Four UCSF scientists named to Institute of Medicine

By Jennifer O'Brien

Four faculty scientists in the UCSF School of Medicine are among the 65 newly elected members and five foreign associates to the Institute of Medicine, part of the National Academy of Sciences, the Institute announced today, Oct. 13.

The new UCSF members are:

  • Thomas S. Bodenheimer, MD, MPH, professor, Department of Family and Community Medicine, and director, Center for Excellence in Primary Care.
  • Douglas Hanahan, PhD, an American Cancer Society Research Professor in the Department of Biochemistry and Biophysics, member, Helen Diller Family Comprehensive Cancer Center, and member, Diabetes Center.
  • Arnold Kriegstein, MD, PhD, professor of neurology, and John G. Bowes Distinguished Professor in Stem Cell and Tissue Biology and director, Institute for Regeneration Medicine.
  • Michael Merzenich, PhD, professor emeritus of otolaryngology, member, Keck Center for Integrative Neuroscience.

The election brings to 79 the number of UCSF faculty who are members of the prestigious Institute. Election to the Institute recognizes those who have made major contributions to the advancement of the medical sciences, health care and public health. It is considered one of the highest honors in these fields.

Bodenheimer has worked for the last four decades as a primary care physician in San Francisco’s Mission District—in community health centers, private practice and now at San Francisco General Hospital. His primary interest, as laid out in a seminal New England Journal of Medicine Perspective in 2006, is solving the problems facing primary care in the United States.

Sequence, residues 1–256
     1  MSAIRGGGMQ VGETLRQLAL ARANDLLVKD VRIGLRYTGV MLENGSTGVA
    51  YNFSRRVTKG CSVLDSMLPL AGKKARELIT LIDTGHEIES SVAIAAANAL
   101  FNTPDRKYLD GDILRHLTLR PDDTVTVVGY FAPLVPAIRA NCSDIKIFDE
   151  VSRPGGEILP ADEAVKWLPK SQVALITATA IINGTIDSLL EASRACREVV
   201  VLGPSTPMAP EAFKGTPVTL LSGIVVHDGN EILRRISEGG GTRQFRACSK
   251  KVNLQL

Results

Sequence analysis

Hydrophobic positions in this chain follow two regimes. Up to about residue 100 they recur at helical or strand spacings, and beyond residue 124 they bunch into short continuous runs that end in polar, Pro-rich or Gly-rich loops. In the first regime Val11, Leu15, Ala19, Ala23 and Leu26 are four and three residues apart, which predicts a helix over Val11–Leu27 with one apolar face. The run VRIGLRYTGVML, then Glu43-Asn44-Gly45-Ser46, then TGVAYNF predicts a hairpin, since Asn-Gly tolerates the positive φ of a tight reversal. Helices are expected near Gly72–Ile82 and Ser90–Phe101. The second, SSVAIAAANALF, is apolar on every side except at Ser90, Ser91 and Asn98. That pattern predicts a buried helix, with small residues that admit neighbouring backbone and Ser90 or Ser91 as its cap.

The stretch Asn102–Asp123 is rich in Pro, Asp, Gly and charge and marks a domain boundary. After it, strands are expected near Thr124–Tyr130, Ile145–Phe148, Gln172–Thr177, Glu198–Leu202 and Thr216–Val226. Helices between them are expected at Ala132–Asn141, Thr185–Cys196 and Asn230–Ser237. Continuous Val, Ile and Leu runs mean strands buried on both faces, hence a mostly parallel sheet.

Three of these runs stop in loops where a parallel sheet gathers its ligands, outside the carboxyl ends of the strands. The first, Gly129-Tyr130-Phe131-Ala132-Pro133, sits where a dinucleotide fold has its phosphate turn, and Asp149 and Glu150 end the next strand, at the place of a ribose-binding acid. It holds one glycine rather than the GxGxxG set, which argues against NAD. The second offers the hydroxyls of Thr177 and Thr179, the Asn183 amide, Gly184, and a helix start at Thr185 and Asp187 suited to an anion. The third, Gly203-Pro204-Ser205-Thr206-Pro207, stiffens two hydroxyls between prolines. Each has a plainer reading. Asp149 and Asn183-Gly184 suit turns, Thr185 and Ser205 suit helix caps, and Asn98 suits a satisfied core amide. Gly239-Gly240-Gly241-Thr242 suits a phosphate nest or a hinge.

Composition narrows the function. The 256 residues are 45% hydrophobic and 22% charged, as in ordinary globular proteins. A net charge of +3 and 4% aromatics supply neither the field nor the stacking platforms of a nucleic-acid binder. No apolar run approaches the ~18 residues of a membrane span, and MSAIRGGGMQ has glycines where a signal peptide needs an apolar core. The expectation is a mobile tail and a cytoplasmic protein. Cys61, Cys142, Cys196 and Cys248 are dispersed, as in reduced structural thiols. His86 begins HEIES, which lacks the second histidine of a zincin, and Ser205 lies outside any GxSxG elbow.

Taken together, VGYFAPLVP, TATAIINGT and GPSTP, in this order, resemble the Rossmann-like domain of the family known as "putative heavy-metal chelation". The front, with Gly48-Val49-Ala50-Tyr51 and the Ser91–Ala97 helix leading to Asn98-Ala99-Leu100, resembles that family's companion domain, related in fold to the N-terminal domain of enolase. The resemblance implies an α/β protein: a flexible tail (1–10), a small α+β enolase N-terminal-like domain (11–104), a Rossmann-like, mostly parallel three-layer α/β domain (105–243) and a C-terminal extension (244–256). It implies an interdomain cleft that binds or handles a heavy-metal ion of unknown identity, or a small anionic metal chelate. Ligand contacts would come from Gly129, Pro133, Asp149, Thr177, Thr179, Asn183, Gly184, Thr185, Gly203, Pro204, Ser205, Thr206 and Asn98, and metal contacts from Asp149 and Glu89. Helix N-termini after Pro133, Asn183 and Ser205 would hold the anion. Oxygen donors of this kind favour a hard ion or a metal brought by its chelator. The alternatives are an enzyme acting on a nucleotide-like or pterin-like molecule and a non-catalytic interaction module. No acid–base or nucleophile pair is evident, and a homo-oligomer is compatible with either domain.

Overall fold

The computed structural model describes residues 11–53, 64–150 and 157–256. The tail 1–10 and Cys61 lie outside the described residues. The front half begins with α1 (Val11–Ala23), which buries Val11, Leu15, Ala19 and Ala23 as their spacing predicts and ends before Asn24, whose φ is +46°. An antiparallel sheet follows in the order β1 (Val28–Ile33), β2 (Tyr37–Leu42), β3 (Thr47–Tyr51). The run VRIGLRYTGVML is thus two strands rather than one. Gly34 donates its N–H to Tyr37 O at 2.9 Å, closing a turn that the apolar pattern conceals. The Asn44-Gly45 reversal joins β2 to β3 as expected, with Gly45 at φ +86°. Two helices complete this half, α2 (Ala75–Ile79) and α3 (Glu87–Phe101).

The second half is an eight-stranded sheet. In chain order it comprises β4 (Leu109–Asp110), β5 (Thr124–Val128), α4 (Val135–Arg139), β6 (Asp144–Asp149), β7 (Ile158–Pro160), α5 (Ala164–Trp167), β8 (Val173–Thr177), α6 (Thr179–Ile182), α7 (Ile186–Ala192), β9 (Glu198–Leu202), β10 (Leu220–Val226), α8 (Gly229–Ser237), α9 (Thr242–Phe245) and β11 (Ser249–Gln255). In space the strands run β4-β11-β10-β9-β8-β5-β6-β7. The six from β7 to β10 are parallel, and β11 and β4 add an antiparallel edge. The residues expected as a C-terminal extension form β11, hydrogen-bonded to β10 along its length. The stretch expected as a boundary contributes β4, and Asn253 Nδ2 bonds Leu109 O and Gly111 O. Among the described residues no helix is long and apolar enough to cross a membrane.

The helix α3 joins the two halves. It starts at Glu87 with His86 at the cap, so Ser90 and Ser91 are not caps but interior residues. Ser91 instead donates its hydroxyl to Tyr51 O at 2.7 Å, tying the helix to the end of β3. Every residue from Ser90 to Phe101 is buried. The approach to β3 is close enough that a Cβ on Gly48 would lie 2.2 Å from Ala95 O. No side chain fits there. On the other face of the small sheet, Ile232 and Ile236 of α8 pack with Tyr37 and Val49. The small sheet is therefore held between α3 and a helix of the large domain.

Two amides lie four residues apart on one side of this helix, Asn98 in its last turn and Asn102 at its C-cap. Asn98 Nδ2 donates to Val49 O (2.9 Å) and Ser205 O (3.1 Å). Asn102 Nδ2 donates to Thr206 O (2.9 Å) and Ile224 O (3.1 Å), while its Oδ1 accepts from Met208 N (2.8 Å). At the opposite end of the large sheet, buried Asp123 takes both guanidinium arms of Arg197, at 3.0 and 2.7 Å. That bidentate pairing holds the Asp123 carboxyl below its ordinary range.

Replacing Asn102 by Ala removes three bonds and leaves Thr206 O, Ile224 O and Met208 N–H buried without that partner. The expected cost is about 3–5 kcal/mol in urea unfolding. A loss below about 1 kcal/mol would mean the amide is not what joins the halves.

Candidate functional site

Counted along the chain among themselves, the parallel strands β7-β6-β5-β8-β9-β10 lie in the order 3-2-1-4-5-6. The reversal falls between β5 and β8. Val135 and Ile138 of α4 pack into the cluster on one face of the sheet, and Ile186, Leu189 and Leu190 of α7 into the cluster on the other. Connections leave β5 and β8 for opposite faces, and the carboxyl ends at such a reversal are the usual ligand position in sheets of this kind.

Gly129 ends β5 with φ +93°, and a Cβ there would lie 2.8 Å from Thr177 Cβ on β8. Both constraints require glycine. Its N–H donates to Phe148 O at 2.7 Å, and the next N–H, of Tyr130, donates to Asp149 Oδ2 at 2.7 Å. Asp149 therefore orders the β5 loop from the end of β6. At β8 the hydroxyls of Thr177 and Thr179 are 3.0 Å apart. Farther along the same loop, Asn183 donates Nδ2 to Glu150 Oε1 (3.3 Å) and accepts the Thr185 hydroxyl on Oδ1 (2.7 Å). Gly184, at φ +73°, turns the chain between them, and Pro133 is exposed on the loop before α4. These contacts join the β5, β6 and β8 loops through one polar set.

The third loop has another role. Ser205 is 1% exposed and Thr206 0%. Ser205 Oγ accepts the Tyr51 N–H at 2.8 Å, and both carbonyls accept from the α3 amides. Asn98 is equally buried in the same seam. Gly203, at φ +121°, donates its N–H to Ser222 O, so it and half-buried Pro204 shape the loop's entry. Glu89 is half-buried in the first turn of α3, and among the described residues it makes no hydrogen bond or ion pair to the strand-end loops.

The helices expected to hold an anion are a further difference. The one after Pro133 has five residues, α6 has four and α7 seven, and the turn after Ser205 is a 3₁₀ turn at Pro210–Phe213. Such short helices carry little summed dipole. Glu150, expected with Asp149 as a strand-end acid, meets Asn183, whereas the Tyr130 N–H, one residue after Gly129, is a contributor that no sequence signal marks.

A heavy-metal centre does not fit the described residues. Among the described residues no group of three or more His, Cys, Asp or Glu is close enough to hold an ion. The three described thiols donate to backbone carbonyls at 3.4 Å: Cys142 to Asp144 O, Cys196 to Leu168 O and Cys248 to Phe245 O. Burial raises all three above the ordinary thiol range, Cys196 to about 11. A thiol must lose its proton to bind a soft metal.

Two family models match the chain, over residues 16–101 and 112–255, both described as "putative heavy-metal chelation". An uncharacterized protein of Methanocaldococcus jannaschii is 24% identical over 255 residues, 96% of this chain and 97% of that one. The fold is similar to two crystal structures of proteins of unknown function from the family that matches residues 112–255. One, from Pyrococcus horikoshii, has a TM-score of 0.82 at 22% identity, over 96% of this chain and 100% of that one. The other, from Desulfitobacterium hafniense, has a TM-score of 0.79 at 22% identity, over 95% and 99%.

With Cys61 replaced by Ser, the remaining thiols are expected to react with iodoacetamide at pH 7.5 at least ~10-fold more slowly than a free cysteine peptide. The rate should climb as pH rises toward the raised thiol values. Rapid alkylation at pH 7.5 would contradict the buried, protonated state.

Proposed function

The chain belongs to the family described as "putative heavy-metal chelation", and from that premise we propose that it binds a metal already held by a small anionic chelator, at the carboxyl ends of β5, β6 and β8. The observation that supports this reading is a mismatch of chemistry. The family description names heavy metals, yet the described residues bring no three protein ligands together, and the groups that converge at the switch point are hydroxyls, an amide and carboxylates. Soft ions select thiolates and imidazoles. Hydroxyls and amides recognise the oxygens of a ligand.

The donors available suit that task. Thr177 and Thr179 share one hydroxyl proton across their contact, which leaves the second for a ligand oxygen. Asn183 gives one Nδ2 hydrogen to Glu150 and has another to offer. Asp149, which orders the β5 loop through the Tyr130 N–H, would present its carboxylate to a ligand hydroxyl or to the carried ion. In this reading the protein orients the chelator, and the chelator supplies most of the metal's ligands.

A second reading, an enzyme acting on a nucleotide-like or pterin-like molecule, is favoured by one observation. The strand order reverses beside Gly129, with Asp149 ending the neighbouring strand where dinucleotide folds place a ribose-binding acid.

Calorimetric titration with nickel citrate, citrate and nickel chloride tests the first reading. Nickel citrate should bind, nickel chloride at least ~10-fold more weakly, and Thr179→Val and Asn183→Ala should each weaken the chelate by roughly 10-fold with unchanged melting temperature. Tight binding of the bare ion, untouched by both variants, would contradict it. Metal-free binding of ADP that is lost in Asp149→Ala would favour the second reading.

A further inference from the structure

Trained at Harvard Medical School, Bodenheimer did a residency in internal medicine at UCSF. While he was on the clinical faculty at UCSF for many years, in 2002 he assumed a full capacity role, as Professor of Family and Community Medicine.

He is the co-author of the leading textbook on health policy, “Understanding Health Policy: A Clinical Approach – 5rd edition,” McGraw-Hill, 2008. He also co-authored “Improving Primary Care: Strategies and Tools for a Better Practice, McGraw-Hill,” 2006.

In community health, he is trying to improve the operations of 10 San Francisco health clinics serving uninsured and Medi-Cal patients and teaches third year medical students and residents in family medicine.

In the policy arena, he’s trying to raise the understanding among policy makers around the country that primary care is critical to the health care system and is in trouble because few medical students are choosing to practice it.

He advocates higher pay for primary care physicians, working to make the profession more attractive to medical students, and addressing the biases against primary care in academia.

Hanahan, a leader in the development of genetically engineered mouse models of human cancers, is working to elucidate the mechanisms of cancers and to identify therapeutic strategies.

In the mid 1980s, Hanahan produced some of the first ‘oncomice’ – mice genetically engineered to develop organ-specific human cancers. He has used the models to investigate the multi-stage pathways that govern tumor formation and progression, and to explore the benefits of targeted therapies, in particular strategies aimed at blocking the growth of blood vessels to tumors, which rely on the blood supply for growth. This approach is known as angiogenesis inhibition.

He discovered, in collaboration with the late Judah Folkman at Harvard Medical School, the “angiogenic switch,” which is activated to produce new blood vessels in early stage lesions preceding overt tumors. A current focus of his work is elucidating the “organ of genesis” of tumors, in which multiple cell types assemble with overtly transformed cells to form aberrant, expansive microenvironments of cancer.